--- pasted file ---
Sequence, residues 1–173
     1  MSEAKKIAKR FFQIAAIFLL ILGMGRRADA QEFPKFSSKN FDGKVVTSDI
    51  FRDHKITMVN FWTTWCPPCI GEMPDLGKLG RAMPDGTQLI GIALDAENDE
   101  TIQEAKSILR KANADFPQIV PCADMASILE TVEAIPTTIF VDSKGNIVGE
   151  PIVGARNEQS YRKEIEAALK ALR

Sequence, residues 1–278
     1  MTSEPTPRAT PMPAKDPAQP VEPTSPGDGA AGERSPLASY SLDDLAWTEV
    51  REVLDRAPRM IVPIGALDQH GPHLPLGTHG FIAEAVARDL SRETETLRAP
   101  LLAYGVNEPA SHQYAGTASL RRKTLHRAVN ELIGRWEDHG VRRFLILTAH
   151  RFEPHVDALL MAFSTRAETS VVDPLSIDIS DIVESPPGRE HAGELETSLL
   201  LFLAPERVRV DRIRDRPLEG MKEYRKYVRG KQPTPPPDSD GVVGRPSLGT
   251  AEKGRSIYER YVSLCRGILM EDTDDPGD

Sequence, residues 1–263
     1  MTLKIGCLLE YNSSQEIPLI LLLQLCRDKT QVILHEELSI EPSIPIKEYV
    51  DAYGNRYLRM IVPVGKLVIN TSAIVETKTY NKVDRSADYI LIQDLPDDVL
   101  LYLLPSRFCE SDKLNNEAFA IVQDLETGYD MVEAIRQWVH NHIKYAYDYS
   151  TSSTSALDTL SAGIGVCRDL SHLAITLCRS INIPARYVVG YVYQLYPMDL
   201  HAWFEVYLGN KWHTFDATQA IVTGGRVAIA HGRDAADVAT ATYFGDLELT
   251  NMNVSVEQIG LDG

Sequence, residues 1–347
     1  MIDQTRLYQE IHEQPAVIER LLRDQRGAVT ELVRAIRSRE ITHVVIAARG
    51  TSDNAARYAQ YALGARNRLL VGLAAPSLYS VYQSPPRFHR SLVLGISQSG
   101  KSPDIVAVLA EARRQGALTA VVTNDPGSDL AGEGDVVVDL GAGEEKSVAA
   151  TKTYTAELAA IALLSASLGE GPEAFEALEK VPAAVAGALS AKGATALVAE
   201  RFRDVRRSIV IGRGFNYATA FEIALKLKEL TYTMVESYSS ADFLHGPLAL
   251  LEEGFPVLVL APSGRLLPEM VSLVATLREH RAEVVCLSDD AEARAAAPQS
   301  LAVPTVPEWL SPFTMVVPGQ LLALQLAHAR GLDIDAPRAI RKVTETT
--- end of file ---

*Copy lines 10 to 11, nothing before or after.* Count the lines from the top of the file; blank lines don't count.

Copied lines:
   151  RFEPHVDALL MAFSTRAETS VVDPLSIDIS DIVESPPGRE HAGELETSLL
   201  LFLAPERVRV DRIRDRPLEG MKEYRKYVRG KQPTPPPDSD GVVGRPSLGT